Hundreds of whales stranded in southern Australia


Police and marine experts are assessing the situation ahead of plans to rescue around 250 whales stranded on a sandbar in Tasmania’s Macquarie Harbour

At least twenty-five whales have died and scientists are trying to rescue 250 more that are stranded in a remote bay on the Australian island of Tasmania, officials said Monday.


Tasmania’s environment department said the whales had become stuck on a sandbar in Macquarie Harbour, on the island’s rugged and sparsely populated west coast.

Nic Deka, who is managing the incident response, said two large pods were stranded on sandbars a few hundred metres apart inside the harbour.

“They are in water but it’s very difficult to see how many of those whales are deceased or what condition they’re in,” he told reporters in the nearby town of Strahan.

They are believed to be pilot whales but the environment department is yet to confirm the species.

Police are on site and marine experts are assessing the situation ahead of plans to launch a rescue mission early Tuesday morning.

“In terms of the tides, when we start making an effort tomorrow it will be with an outgoing tide, so that’ll be in our favour, but obviously tides go up and come down so we’ll be aiming to make the most of the windows that we have,” Deka said.

Mass whale strandings occur relatively often in Tasmania, but the large numbers involved present a daunting rescue prospect.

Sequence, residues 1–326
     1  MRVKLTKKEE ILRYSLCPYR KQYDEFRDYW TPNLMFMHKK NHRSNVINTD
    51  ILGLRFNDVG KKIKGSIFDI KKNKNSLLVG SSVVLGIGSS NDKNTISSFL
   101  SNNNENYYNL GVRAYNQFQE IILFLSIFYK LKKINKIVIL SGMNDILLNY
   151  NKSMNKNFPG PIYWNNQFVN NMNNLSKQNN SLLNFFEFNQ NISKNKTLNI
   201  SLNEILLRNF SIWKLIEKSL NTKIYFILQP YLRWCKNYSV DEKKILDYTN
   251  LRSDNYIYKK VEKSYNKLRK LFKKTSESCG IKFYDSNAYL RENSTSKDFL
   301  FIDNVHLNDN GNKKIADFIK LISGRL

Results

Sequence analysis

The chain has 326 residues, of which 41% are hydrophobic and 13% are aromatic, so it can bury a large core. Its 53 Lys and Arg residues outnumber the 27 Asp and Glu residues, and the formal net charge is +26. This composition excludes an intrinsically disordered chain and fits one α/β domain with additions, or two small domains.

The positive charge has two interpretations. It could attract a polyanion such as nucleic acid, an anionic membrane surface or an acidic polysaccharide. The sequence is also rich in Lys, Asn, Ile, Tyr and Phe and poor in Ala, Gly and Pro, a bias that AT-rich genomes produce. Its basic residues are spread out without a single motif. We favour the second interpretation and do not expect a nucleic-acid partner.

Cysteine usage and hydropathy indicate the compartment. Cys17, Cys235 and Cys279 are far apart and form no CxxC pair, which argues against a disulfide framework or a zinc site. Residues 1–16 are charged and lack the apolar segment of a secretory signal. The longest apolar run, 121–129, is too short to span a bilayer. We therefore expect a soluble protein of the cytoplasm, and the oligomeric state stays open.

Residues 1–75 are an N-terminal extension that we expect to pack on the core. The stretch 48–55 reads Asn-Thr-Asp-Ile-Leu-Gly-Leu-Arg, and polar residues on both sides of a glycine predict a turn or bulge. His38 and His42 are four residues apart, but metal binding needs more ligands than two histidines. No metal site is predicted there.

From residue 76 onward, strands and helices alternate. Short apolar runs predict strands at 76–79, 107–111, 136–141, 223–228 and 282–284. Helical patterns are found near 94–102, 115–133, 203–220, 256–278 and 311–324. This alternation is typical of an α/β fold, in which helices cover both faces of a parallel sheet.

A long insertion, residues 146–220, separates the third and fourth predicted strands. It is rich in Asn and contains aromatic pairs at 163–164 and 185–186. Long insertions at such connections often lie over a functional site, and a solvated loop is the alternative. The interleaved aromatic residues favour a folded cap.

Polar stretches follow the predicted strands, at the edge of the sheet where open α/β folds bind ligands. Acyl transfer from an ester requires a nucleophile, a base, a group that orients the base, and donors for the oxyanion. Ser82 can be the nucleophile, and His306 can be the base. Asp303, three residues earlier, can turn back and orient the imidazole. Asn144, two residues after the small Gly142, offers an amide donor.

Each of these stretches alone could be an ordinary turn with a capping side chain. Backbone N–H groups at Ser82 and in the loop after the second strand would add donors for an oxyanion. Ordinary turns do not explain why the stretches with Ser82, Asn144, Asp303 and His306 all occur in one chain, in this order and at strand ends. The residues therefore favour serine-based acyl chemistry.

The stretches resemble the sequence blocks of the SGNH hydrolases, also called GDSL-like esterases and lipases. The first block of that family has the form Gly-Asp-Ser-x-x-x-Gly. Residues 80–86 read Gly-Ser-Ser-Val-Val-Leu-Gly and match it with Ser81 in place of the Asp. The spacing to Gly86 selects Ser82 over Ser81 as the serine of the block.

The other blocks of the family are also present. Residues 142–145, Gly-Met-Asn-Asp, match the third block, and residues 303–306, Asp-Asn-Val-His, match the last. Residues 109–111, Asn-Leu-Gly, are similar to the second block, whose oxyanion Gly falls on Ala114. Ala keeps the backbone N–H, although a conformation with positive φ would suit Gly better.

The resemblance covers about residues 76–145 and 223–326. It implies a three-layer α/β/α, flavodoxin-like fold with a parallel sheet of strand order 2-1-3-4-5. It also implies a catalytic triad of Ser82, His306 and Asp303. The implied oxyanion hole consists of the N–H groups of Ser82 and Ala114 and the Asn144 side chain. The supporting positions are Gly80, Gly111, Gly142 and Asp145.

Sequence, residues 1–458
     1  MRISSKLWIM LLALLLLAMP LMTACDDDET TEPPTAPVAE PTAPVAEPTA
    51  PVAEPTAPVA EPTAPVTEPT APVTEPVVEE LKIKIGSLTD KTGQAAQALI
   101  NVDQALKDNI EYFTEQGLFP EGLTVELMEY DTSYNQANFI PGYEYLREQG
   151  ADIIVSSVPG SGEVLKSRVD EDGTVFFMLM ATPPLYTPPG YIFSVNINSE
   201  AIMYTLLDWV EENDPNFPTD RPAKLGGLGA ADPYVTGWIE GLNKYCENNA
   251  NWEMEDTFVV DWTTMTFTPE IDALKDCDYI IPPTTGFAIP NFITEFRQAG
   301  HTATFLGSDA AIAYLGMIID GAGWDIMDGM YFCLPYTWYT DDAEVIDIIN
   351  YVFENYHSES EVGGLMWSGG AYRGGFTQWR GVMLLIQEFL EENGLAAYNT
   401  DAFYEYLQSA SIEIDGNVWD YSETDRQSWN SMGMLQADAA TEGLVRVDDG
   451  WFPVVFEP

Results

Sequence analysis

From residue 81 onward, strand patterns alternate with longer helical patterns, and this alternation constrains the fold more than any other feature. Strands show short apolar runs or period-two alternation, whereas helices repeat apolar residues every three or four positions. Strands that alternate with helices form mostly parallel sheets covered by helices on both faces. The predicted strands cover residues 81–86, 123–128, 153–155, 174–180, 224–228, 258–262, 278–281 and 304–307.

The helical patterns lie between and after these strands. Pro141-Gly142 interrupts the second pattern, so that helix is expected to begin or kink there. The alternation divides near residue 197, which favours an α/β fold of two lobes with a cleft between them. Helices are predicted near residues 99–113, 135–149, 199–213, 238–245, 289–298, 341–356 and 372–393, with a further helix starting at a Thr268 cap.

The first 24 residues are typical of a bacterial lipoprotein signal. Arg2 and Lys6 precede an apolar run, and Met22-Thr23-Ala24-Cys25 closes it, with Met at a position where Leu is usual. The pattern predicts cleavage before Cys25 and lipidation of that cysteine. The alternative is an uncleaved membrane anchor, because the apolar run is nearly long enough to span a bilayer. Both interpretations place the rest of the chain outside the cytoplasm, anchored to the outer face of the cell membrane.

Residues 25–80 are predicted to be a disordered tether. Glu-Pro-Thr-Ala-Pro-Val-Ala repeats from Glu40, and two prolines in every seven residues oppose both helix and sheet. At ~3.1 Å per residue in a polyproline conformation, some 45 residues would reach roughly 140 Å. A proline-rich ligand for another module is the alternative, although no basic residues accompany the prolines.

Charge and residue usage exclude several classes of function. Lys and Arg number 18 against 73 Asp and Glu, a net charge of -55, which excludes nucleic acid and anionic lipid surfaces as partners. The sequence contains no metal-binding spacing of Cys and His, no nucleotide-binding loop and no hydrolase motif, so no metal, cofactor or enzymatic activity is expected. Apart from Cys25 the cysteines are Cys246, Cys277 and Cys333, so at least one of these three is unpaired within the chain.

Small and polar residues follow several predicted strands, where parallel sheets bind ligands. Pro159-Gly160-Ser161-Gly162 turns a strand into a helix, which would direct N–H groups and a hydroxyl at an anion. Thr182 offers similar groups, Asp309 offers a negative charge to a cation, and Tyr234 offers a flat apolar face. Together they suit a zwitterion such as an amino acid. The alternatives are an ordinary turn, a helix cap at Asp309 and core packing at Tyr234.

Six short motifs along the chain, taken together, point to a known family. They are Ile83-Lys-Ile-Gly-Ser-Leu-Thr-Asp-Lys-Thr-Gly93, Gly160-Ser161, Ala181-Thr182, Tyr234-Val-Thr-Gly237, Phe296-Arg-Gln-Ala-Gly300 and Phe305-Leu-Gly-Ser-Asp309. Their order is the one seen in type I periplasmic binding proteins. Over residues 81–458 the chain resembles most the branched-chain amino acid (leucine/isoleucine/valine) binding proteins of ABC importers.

Mass whale strandings occur relatively often in Tasmania, but the large numbers involved in the latest one present a daunting re
Mass whale strandings occur relatively often in Tasmania, but the large numbers involved in the latest one present a daunting rescue prospect

Authorities may call on a network of local volunteers to assist but have cordoned off the area to the general public.

The latest stranding comes as a humpback whale that was stuck in a tropical river in Australia’s north finally returned to the ocean after more than two weeks.

Public broadcaster ABC reported the creature, which spent 17 days in the crocodile-infested waters of Kakadu National Park, has been spotted in open seas off Darwin.

Scientists had been weighing options for guiding the humpback to safety after it became the first known whale to travel up the muddy river, but were relieved when it returned to sea on its own.


Whale swims free of crocodile-filled Australian river


© 2020 AFP

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Hundreds of whales stranded in southern Australia (2020, September 21)
retrieved 21 September 2020
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